The girl who once jumped off buildings to the delight of her less adventurous classmates is now a study in controlled and decisive terror at her own aliveness. Her daughter (Kate O’Flynn, playing an infuriatingly sympathetic and instantly recognisable mess) ploughs through cults, over sharing, heroin, hippie chic, ladette, statutory rape (disturbingly brushed over) and finally love and motherhood as transient solutions to more than a lifetime of trauma. Her own daughter (the always watchable Adelle Leonce) mirrors her grandmother’s stoic, arctic numbness. A protective self-contained froideur that not even “the best sex ever” (lesbian, as it happens) can defrost. Sex without intimacy. Motherhood without love. Or maybe with love, when love just isn’t enough.

This is not a play about depression: it is a play about mothers and daughters. How we struggle to establish our own identities and escape the shadow of our genetic legacy. It could be a play about the nature or nurture debate, but Birch is far too careful a playwright to reduce this cathartic twisty tragedy into a mere Ted talk.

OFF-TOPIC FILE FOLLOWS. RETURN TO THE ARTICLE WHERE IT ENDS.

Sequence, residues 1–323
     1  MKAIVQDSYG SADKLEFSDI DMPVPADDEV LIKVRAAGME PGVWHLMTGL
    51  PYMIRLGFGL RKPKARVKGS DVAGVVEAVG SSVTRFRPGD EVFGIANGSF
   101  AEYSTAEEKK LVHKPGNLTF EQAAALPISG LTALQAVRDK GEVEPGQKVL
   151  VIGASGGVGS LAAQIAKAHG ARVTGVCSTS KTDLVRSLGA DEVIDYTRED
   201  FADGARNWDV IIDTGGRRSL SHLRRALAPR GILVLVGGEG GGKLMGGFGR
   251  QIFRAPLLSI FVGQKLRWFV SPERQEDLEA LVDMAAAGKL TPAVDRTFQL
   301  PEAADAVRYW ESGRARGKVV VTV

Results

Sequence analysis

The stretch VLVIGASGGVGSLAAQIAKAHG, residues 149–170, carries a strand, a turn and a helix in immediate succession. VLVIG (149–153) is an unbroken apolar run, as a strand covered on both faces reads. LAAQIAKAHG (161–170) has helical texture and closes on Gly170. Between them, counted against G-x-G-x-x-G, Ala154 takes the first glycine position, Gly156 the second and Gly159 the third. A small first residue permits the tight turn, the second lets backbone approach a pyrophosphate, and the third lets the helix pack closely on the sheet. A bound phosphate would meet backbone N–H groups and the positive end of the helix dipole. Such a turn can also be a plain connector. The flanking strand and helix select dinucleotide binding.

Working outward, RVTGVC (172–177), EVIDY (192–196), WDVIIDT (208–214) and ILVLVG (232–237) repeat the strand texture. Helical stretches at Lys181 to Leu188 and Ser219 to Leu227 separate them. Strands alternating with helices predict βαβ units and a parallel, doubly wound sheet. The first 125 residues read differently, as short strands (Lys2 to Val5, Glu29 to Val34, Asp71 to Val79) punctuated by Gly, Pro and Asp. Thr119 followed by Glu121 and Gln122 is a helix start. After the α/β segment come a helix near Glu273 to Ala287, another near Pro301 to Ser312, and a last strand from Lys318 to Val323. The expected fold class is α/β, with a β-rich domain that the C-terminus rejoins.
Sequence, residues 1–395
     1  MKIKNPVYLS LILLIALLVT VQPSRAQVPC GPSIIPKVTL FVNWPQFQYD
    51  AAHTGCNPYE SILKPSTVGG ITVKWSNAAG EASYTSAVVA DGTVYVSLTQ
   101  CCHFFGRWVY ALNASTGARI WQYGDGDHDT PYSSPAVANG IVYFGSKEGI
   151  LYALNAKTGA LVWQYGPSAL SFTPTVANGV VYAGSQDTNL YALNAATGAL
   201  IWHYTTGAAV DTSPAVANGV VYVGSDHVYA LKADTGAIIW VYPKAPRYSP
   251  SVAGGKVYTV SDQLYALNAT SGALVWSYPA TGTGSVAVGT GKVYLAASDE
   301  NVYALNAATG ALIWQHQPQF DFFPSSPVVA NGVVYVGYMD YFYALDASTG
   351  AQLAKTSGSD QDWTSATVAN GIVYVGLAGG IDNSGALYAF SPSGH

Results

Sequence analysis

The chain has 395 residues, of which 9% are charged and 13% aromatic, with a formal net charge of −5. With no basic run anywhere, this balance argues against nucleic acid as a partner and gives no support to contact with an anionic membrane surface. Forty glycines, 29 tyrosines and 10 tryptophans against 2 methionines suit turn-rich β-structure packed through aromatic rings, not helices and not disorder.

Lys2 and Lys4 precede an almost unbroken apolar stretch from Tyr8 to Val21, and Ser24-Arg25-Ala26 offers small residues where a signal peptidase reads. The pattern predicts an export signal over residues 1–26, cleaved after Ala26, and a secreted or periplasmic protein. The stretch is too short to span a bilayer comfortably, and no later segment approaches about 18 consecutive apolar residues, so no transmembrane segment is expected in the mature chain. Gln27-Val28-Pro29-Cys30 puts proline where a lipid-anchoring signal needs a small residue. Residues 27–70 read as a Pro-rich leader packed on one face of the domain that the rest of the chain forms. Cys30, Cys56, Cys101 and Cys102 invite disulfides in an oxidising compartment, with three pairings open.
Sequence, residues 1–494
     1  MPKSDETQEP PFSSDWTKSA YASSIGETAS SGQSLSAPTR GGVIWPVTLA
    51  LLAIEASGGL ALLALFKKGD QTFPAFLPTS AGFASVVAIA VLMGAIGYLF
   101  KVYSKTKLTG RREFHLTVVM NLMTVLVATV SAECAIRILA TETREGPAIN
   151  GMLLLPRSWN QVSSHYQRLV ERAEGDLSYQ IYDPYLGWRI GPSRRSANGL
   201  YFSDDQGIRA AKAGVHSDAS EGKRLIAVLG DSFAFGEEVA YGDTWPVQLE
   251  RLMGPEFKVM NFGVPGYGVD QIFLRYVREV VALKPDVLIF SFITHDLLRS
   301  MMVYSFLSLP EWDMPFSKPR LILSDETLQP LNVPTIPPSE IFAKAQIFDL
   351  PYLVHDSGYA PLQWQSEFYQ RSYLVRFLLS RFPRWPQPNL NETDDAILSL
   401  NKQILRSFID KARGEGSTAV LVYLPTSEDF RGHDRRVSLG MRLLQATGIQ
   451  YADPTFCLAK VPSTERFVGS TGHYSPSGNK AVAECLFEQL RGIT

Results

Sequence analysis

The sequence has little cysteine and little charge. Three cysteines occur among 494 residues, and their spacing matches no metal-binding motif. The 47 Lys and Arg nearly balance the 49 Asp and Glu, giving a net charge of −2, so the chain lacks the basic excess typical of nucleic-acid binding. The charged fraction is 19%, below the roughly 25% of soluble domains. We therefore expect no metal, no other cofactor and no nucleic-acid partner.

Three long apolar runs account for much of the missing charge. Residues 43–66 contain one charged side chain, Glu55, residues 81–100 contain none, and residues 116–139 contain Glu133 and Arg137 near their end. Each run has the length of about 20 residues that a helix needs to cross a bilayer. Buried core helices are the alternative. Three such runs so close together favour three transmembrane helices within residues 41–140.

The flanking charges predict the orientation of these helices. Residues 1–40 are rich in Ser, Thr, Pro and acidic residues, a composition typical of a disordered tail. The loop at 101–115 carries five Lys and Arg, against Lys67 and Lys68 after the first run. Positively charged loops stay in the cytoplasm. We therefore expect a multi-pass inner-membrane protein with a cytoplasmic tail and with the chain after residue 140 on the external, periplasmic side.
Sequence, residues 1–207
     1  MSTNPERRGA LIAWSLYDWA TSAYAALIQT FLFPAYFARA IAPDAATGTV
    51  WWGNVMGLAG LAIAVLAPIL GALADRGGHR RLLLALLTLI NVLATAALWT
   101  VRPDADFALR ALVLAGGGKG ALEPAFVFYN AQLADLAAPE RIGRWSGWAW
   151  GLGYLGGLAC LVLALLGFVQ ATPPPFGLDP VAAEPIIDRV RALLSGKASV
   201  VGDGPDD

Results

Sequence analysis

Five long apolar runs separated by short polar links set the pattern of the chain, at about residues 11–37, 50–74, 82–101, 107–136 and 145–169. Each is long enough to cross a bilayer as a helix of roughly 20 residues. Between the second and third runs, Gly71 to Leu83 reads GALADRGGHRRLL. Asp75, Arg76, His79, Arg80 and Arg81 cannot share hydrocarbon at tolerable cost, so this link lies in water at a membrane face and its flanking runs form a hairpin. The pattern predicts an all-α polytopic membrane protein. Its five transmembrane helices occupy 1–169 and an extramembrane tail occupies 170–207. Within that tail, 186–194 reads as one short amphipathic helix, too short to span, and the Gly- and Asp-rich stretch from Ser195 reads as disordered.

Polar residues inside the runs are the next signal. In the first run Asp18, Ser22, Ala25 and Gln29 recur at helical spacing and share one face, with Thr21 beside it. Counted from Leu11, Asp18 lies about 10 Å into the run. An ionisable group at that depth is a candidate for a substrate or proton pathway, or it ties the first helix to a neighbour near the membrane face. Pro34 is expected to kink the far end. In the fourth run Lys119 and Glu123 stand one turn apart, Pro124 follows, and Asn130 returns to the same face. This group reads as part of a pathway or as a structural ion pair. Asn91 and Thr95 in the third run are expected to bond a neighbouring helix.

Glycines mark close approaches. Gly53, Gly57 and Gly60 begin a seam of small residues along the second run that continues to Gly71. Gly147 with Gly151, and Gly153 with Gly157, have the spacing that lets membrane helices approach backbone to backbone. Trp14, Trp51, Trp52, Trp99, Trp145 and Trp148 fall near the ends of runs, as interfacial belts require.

Or a feminist lecture, yet feminism run through the play. Reproductive rights, sexual orientation, gender double standards, the myth of the happy housewife, the myth of having it all, motherhood.

It wasn’t until seeing the play for the second time that the level of complexity around all these largely unanswered questions really became clear. The absence of direct focus on the issue of consent draws more attention to it than a more detailed exploration could have done. Carol steadfastly rejects the same ECT her daughter presumably gave some form of consent to, but the fact Carol is not even allowed to view her new home unaccompanied suggests her right to make decisions about her own body is temporary and on sufferance. Anna’s drug-addled (and questionably illegal) seduction of a teenage boy is humiliating and traumatic to her and her alone; even when taking the role of predator, women are always the victim. Finally Bonnie’s decisive choice to stop generations of inherited trauma could be a rally for female reproductive rights, but the hollowness of her perceived lack of options defangs it. Which is as it should be, because this is a play about women: real, individual women, not causes.